A Gluten Free Restaurant Card Can Help You Communicate (and Feel More Comfortable)
I would like to start this section by making it clear that, while I have brought one with me on every trip to Italy, over the eight weeks I’ve spent in Italy over the past few years, I have used my gluten free restaurant card in Italian (from Legal Nomads, of course!) Exactly zero times.
That’s partially because I learned Italian – specifically how to communicate my food needs in Italian – but also because most of the people working in the service industry in major Italian cities speak at least a little bit of English (this is less true in less popular destinations, like Sicily).
However, you’ll notice that despite speaking enough Italian to get by and going to cities with plenty of tourists, I still buy one and bring it with me, just in case.
It’s kind of like a safety blanket for me – if I run into a situation where communication just isn’t happening, I have a backup plan where I can pull out my printed gluten free restaurant card, and hopefully get my point across.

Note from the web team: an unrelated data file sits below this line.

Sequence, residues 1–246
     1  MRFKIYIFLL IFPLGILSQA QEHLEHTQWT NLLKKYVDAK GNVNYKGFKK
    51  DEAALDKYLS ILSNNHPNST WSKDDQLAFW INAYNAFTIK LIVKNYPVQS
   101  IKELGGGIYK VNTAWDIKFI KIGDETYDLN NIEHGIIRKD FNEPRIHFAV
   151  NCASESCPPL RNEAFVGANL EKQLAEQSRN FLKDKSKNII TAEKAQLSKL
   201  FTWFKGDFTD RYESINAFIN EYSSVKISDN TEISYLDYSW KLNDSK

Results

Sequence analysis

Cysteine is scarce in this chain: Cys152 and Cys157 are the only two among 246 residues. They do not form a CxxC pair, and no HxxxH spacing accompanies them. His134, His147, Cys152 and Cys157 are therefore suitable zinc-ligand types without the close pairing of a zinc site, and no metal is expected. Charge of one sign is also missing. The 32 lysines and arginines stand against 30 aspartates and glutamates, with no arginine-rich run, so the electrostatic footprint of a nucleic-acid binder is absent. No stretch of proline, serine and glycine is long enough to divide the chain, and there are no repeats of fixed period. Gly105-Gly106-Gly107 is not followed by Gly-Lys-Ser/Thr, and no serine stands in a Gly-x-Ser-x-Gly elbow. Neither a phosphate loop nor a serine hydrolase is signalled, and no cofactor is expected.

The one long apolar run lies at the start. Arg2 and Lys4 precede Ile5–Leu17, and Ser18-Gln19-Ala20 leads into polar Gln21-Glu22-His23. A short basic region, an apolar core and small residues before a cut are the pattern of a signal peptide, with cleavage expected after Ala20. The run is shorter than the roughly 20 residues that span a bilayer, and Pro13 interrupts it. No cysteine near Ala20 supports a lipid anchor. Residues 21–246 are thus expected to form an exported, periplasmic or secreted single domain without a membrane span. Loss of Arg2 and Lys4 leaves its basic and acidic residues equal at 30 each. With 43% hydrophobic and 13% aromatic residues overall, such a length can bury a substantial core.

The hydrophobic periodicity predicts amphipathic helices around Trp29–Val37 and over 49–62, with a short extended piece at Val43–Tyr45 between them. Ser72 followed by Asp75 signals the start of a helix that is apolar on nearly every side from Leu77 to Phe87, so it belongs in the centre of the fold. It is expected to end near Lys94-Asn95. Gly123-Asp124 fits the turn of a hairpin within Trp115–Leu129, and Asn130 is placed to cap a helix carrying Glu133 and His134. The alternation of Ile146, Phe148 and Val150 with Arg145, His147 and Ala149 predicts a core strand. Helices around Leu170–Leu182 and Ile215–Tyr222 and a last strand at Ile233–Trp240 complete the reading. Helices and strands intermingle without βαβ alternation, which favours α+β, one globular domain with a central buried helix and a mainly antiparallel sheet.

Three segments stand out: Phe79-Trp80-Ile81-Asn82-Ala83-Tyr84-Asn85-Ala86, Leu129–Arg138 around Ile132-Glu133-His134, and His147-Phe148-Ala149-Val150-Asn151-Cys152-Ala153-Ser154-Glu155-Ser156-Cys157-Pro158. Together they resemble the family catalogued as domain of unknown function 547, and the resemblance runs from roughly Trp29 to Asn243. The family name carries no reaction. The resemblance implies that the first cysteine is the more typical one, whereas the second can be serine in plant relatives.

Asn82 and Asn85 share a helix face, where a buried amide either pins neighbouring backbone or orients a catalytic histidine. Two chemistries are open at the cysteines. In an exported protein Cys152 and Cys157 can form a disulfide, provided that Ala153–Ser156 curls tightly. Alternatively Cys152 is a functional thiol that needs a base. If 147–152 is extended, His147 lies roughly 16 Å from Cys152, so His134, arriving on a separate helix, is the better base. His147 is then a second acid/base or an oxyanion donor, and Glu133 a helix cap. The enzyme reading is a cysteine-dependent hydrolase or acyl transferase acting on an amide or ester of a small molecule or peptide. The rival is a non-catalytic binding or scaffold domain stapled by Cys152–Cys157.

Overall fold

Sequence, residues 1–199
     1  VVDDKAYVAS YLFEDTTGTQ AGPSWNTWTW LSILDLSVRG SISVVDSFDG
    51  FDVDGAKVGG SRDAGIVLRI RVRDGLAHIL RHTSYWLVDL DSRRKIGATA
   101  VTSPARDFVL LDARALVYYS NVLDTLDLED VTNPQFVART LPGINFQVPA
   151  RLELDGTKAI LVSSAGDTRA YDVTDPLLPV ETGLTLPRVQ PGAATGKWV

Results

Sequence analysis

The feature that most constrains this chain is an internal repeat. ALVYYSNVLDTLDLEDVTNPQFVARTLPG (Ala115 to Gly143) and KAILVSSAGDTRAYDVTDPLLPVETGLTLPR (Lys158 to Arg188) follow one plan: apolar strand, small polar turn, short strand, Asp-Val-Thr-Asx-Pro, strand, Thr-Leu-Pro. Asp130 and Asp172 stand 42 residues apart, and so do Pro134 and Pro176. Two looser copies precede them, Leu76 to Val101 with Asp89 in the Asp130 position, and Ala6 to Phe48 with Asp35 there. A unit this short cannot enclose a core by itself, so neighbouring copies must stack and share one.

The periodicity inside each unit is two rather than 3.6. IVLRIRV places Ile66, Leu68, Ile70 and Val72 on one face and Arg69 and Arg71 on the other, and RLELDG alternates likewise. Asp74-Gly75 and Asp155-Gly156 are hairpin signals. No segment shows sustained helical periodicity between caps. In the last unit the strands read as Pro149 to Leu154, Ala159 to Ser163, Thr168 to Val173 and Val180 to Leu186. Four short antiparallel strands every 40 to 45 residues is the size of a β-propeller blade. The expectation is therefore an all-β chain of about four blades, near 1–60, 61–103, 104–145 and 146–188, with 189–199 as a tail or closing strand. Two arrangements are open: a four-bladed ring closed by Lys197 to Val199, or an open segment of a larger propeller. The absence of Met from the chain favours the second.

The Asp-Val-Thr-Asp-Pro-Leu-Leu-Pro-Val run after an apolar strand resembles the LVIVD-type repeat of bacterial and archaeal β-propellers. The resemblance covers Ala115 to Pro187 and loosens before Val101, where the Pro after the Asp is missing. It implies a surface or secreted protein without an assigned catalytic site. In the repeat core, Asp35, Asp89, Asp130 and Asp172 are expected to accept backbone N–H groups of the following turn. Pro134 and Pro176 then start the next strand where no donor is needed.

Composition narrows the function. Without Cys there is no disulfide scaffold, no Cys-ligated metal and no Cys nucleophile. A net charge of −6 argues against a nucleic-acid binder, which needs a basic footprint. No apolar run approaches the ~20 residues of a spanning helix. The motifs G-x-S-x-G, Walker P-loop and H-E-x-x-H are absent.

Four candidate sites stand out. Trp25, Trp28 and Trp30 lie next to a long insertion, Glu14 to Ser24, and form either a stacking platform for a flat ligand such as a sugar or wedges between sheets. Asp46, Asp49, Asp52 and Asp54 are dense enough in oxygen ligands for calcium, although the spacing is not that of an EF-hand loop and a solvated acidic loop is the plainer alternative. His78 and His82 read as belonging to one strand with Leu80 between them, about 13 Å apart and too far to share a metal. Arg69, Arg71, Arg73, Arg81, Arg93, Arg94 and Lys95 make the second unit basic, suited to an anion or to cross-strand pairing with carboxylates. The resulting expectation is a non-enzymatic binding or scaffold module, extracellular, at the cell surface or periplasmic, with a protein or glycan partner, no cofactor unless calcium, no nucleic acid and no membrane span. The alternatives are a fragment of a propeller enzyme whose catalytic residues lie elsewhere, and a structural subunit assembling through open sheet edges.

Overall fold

Now, which gluten free restaurant card you choose matters, I think. Anyone can learn to say (or pull up on Google Translate) something to the effect of “I have Celiac Disease and I need to eat gluten free.” But 90% of the battle when you’re trying to find safe gluten free food when you’re traveling is going to be managing cross-contact with gluten, like shared fryers and pizza cutters.
Which is something that 99% of the cards out there – free and paid – don’t mention at all. Crazy!
That’s why I, personally, like the cards from Legal Nomads, which have detailed explanations of what is and is not safe, and mentions cross-contact specifically. They’re $9, and are well worth the peace of mind, at least for me.